An Article Most Central
to My Thinking
Other Relevant Research
Alexander, J. and Rhodes, J. (2014). On multimodality: New media in composition studies. Urbana: NCTE.
Arola, K. (2010). The design of web 2.0: The rise of the template, the fall of design. Computers and Composition 27, 4–14.
Banks, A. (2011). Digital griots: African American rhetoric in a multimedia age. Carbondale: Southern Illinois Press.
Banks, A. (2005). Race, rhetoric, and technology: Searching for higher ground. Mahwah: Lawrence Erlbaum Associates.
Bearne, E., Wolstencroft, H., and United Kingdom Literacy Association. (2007). Visual approaches to teaching writing. CA: SAGE.
Webtexts I Often Use in Undergraduate Classrooms
This article frames digital literacies in the 21st century by discussing the ways new technological developments will leave their imprint by 2020. This piece was written in the early 2000s. Let’s think about how much of this has proven to be true in this second decade of the 21st century so far.
This link takes you to a slideshow, created by Kathryn Zickuhr, a Pew Internet Research Analyst, for graphic representations of digital use by race, ethnicity, education, and income.
Prensky coined the notion of digital natives and digital immigrants in 2001, terms that have been widely circulated. Digital natives, or the Net Generation, references young people who have participated in digital cultures the entire lives. The digital immigrants are those who learned new technologies as adults, thus, always making digital culture a new experience for them. This text will familiarize yourself with the concepts. Join the conversation since these arguments are really about you and your peers.
"In terms of journalism, of expression, of voice, of fine reporting and superb writing, of a range of news, thoughts, views, perspectives, and opinions about places, worlds, and phenomena that I wouldn't otherwise have known about, there has never been an experimental moment like this. I'm in awe."
This series of articles, written with parents in mind, stirred up quite the controversy. Friedman interviews a Senior Vice President at Google, Laszlo Bock, who candidly tells Friedman what kind of college majors and college students he is looking for when he hires. His comments might surprise you… and disturb you.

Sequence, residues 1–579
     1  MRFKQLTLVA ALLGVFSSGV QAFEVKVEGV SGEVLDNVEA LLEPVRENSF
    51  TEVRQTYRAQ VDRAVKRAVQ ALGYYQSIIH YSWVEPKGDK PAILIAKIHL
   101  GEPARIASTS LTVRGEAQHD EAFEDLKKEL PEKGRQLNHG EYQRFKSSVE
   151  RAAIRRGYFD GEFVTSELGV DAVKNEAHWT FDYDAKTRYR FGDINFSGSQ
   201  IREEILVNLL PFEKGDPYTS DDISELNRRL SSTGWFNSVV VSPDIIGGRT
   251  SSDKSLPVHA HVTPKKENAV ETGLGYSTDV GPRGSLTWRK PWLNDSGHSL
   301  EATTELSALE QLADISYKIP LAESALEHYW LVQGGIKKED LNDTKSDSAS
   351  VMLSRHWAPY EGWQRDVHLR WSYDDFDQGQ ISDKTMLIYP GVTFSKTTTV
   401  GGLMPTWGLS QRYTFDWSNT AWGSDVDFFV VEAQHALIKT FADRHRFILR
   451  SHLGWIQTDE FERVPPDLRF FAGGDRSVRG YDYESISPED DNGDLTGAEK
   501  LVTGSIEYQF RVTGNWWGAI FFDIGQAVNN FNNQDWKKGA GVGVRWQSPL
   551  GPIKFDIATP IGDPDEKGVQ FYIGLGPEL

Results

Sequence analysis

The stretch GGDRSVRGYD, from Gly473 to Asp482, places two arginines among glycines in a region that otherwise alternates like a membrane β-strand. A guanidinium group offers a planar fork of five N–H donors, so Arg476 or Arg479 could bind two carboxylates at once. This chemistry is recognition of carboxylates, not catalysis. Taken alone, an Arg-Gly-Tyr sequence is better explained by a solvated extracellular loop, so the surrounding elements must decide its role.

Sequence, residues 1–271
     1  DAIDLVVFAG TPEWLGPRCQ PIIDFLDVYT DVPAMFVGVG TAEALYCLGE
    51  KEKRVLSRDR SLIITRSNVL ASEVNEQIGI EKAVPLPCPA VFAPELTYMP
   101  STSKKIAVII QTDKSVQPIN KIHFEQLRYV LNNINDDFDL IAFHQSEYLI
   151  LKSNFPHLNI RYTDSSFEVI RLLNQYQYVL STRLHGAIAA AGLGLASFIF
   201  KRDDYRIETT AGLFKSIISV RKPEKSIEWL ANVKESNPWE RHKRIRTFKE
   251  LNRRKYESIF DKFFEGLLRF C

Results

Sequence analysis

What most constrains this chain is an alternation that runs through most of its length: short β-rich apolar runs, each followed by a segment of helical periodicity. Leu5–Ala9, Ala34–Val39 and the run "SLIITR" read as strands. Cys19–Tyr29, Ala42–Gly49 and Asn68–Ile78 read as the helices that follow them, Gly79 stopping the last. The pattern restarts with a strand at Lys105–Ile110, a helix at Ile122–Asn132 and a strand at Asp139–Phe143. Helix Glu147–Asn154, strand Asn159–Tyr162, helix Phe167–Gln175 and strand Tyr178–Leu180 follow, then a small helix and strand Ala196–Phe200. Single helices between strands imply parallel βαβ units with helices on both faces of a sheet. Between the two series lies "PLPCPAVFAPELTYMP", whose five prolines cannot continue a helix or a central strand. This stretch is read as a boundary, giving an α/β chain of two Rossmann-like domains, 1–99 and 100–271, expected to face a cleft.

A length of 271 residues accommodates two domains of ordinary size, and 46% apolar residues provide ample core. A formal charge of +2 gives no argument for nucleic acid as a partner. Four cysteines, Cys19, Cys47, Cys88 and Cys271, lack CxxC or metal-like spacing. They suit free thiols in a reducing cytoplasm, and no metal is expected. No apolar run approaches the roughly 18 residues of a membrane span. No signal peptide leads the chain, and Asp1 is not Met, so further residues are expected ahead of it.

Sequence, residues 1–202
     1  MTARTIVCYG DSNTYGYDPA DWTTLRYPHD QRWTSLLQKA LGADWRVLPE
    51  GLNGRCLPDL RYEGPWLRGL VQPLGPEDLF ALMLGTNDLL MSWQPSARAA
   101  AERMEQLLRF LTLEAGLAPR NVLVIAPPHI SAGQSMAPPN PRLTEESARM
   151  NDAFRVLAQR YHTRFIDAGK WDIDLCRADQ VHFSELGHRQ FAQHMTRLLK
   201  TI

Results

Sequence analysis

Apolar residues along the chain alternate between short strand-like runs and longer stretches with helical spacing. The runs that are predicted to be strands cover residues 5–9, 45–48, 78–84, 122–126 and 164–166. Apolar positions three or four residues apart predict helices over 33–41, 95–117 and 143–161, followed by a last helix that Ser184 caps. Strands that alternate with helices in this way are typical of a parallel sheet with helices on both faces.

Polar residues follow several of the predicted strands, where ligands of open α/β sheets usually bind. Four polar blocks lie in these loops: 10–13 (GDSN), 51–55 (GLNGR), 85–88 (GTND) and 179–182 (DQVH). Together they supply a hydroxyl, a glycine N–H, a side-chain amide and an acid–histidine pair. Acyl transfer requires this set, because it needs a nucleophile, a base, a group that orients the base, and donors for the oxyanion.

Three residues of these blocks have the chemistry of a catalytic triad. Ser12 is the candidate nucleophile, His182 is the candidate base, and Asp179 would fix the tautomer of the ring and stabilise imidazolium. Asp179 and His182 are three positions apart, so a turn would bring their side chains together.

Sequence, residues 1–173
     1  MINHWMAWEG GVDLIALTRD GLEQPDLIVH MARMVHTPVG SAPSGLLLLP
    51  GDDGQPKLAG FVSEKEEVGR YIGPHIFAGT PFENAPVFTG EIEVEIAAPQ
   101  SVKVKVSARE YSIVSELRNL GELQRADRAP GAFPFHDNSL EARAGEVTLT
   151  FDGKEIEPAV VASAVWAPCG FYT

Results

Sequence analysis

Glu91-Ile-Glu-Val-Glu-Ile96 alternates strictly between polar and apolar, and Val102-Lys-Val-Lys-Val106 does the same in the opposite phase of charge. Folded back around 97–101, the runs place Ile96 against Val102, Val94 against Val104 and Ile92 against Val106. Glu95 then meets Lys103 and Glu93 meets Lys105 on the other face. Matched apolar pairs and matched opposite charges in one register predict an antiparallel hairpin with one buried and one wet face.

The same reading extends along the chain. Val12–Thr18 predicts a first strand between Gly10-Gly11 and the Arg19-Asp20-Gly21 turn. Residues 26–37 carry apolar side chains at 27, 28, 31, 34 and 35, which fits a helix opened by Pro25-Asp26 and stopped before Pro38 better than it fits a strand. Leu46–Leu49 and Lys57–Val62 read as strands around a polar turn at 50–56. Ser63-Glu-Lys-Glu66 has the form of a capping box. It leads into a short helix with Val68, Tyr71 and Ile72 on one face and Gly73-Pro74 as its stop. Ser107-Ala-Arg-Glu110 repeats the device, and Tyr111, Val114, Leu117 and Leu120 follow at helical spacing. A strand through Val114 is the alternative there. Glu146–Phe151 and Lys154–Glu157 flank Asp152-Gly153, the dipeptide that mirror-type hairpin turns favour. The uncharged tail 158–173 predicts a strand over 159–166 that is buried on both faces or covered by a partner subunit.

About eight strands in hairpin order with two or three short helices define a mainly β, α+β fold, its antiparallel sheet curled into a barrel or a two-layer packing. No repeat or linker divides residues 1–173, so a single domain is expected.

This is an informative piece that offers the most current statistics proving that Latin@s lead the way in embracing handheld devices. This kind of information is critical given the lack of diversity in who has been published and embraced as technological experts. Please click on all of the links at this webpage to understand all of the statistics and trends.
This article from the BBC News website shares the results of a recent study. Scientists found young people who spent less than an hour a day engaged in video games were better adjusted than those who did not play at all.
“Malkia Cyril on Net Neutrality”: Interview on I MiX What I Like
Listen hear to activist, Malkia Cyril, discuss the events and court decisions that degraded net neutrality in the United States. Make sure to listen to 12 minute interview if you are unaware of the legal issues affecting the internet, access, and content control.
Byrne, D. (2008). The Future of (the) ‘race’: Identity, discourse, and the rise of computer-mediated public spheres. Learning Race and Ethnicity: Youth and Digital Media. Ed. Anna Everett. Cambridge, MA: The MIT Press. 15–38.
Cambridge, B., Kahn, S., Thompkins, D., and Yancey, K. B. (2001). Electronic portfolios: Emerging practices in student, faculty, and institutional learning. Washington, DC: American Association of Higher Education.
Campbell, J. (1996). Electronic portfolios: A Five-year history. Computers and Composition 13, 2, 185-94
Clark, J. E. (2010). The digital imperative: Making the case for a 21st-century pedagogy. Computers and Composition 27, 27–35
Everett, A. (2002). The revolution will be digitized: Afrocentricity and the digital public sphere. Social Text 20, 2, 125-146.
Fouché, R. (2006). Say it loud, I’m Black and I’m proud: African Americans, American artifactual culture, and Black vernacular technological creativity.” American Quarterly 58, 3, 639-661.
Hocks, Mary E. (2003). Understanding visual rhetoric in digital writing environments. College Composition and Communication 54, 4, 629-656.
Howard, R. M. (1996). Memoranda to myself: Maxims for the online portfolio. Computers and Composition 13, 2, 155-67.
Lunsford, A. (2006). Writing, technologies, and the fifth canon. Computers and Composition 23, 169–177.
Olson, L. C. (2007). Intellectual and conceptual resources for visual rhetoric: A re-examination of scholarship since 1950. Review of Communication 7, 1, 1-20.
Pullman, G. (2002). Electronic portfolios revisited: The eFolios project. Computers and Composition, 19, 2, 151-69.
Sinclair, B. (2004). Technology and the African-American experience: Needs and opportunities for study. Cambridge: MIT Press.
Valenzuela, A. (1999). Subtractive schooling: U.S-Mexican youth and the politics of caring. Albany: State University of New York.
Wall, B. C. and R.F. Peltier. (1996). Going public with electronic portfolios: Audience, community, and the terms of student ownership. Computers and Composition 13, 2, 207-217.
Whithaus, C. (2002). A Review of electronic portfolios: Emerging practices in student, faculty, and institutional learning.” Kairos: A Journal of Rhetoric, Technology, and Pedagogy, 7,1. http://english.ttu.edu/kairos/7.1/
Writing in Digital Environments (WIDE) Research Center Collective. (2005). Why Teach Digital Writing? Kairos 10.1 (2005).
Yancey, K. (1996). Portfolio, electronic, and the links between. Computers and Composition 13, 2, 129-33.
Yancey, K. B. (2006). Delivering college composition: The Fifth canon. Portsmouth, NH: Boynton/Cook, 2006.